UK house prices were dragged down by subdued demand in London last month, as buyer caution continued to linger in the capital during April.
London witnessed the lowest annual growth out of any region, with prices falling by 1.2 per cent over the year to April 2019, up from a fall of 2.5 per cent in March 2019.
Prices across the UK rose an unadjusted 0.7 per cent month-on-month in April, which was the first rise in eight months, with the average property standing at £229,000, according to the data released today by the Office for National Statistics (ONS).
“The ONS data do little to change the overall impression that the housing market is still finding life challenging as buyer caution amid still relatively challenging conditions is being reinforced by Brexit, political and economic uncertainties – although there are significant variations across regions with the overall picture being dragged down by the weakness in London and the South East,” said Howard Archer, chief economic advisor at the EY ITEM Club.
While London house prices fell over the year, the area remains the most expensive place to purchase a property at an average of £472,000, followed by the South East and the East of England, at £319,000 and £289,000 respectively.
South East England also witnessed a 0.8 per cent drop during April, marking the first time house prices in the region have been dropping annually since October 2011.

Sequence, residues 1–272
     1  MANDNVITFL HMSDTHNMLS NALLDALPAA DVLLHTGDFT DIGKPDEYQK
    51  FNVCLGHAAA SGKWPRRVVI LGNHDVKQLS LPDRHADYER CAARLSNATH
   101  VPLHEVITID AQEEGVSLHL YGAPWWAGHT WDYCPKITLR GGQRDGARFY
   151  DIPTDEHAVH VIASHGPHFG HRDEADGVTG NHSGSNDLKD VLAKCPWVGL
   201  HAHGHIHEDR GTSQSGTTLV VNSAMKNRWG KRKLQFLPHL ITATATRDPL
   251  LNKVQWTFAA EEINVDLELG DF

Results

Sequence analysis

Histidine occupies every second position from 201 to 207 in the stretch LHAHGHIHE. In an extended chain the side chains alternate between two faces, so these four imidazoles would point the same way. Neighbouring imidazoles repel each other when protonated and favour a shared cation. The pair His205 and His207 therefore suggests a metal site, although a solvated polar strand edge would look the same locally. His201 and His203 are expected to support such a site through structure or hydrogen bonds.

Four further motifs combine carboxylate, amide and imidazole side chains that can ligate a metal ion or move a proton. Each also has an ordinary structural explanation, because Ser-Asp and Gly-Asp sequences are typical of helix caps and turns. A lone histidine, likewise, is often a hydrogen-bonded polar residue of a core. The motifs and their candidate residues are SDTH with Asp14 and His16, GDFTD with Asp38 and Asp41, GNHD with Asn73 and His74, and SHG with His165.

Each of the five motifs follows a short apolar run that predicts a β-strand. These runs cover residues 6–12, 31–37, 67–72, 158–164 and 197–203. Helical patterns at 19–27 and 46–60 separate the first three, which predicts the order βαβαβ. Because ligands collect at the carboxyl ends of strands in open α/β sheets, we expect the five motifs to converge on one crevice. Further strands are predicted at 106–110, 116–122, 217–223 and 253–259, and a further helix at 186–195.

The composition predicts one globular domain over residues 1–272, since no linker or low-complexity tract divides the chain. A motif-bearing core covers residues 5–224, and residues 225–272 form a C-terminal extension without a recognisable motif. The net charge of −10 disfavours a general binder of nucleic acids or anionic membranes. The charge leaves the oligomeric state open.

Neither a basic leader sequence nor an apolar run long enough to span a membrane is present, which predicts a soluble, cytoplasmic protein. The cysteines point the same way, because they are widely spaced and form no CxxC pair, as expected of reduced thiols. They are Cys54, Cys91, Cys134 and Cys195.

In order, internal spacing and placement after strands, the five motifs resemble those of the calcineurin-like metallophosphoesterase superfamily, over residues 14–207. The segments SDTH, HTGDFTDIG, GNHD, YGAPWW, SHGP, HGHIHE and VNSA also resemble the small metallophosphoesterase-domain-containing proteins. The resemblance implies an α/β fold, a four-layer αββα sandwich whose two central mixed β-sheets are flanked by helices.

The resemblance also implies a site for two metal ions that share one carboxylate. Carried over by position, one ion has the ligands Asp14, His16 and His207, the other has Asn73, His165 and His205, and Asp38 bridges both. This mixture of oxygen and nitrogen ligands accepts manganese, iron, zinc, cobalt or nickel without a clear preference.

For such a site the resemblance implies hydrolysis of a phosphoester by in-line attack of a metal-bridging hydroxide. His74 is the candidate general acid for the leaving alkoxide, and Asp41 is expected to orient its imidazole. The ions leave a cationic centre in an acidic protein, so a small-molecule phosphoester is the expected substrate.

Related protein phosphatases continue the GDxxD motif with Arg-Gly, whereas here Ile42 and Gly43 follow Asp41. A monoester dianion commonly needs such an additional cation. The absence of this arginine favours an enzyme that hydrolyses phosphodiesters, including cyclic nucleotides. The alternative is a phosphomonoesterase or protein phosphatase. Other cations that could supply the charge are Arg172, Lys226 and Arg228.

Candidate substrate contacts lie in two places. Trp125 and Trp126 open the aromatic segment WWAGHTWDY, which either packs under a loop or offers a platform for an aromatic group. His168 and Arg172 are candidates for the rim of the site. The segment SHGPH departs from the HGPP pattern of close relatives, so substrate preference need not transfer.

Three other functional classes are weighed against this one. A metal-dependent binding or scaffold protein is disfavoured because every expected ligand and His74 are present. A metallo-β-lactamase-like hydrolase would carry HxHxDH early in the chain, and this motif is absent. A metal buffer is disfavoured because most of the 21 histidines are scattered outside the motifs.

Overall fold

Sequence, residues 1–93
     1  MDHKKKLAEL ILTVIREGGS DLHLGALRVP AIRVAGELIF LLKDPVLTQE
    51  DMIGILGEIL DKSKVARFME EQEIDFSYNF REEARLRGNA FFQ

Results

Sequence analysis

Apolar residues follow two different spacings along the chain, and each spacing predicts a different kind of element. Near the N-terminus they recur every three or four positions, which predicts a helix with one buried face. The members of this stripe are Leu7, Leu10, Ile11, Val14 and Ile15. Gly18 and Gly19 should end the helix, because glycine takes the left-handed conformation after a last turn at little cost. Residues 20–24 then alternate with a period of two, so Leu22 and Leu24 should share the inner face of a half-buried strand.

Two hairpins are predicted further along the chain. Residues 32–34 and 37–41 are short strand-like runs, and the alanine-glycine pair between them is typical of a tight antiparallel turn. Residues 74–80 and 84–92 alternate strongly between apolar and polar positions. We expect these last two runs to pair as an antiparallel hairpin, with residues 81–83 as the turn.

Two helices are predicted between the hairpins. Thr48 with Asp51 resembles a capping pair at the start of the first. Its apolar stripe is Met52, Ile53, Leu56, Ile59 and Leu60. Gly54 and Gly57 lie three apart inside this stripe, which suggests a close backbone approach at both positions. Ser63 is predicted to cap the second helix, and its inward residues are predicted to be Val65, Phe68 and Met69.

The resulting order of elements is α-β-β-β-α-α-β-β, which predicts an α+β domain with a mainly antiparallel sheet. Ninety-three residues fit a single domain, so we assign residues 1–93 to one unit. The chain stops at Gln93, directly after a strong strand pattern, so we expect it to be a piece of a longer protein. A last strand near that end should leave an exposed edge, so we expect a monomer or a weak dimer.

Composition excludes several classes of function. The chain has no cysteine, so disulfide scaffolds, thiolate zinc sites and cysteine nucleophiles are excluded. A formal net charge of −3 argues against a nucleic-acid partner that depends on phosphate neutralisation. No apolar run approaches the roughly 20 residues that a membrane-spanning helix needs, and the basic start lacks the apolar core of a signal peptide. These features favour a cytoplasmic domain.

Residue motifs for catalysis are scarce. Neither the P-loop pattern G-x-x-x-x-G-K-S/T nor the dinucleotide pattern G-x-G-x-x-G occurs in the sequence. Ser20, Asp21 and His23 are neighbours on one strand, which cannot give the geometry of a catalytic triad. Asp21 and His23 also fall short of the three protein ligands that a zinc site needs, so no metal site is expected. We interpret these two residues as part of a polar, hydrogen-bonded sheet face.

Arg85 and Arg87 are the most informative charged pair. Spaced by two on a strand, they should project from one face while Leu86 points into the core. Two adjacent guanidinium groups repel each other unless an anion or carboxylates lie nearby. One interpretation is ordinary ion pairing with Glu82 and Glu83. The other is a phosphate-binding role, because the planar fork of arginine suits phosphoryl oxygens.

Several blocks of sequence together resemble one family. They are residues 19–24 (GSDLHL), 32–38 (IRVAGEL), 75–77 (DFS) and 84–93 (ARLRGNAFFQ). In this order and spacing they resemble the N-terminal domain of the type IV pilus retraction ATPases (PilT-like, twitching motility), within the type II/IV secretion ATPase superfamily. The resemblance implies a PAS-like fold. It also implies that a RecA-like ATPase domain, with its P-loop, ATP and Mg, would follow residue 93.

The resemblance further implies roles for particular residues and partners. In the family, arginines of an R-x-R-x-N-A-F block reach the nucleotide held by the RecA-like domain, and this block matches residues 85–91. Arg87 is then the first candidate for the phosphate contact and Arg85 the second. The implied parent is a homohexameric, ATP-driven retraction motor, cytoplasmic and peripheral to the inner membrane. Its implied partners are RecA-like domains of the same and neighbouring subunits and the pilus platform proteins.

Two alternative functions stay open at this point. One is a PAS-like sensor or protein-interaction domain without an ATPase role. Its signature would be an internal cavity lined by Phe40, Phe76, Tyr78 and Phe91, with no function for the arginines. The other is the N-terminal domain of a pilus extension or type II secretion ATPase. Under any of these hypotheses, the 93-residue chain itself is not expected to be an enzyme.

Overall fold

Read more: Property transactions dip during April
Jeremy Leaf, north London estate agent and a former RICS residential chairman, said: “Once again, we are seeing house prices in London acting as a drag on a market which is softening anyway. Prices continue to be supported by lack of stock, improving affordability and almost record low mortgage rates and unemployment.”
He added: “Overall, despite renewed interest from buyers there are too many sellers still wedded to the idea that prices will increase perhaps when Brexit is resolved and/or some political stability returns. The reality is that only those sellers who are realistic enough to recognise new market conditions are proving successful.”